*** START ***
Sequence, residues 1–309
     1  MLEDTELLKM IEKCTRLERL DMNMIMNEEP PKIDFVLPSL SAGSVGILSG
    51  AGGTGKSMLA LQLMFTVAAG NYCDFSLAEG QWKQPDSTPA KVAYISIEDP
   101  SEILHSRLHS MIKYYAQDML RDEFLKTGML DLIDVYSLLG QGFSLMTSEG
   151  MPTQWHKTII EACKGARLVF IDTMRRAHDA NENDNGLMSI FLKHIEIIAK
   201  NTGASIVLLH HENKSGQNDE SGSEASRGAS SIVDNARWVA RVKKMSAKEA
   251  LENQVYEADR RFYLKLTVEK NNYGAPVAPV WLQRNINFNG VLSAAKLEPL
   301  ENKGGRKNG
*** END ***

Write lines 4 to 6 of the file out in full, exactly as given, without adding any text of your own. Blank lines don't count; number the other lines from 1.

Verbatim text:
   101  SEILHSRLHS MIKYYAQDML RDEFLKTGML DLIDVYSLLG QGFSLMTSEG
   151  MPTQWHKTII EACKGARLVF IDTMRRAHDA NENDNGLMSI FLKHIEIIAK
   201  NTGASIVLLH HENKSGQNDE SGSEASRGAS SIVDNARWVA RVKKMSAKEA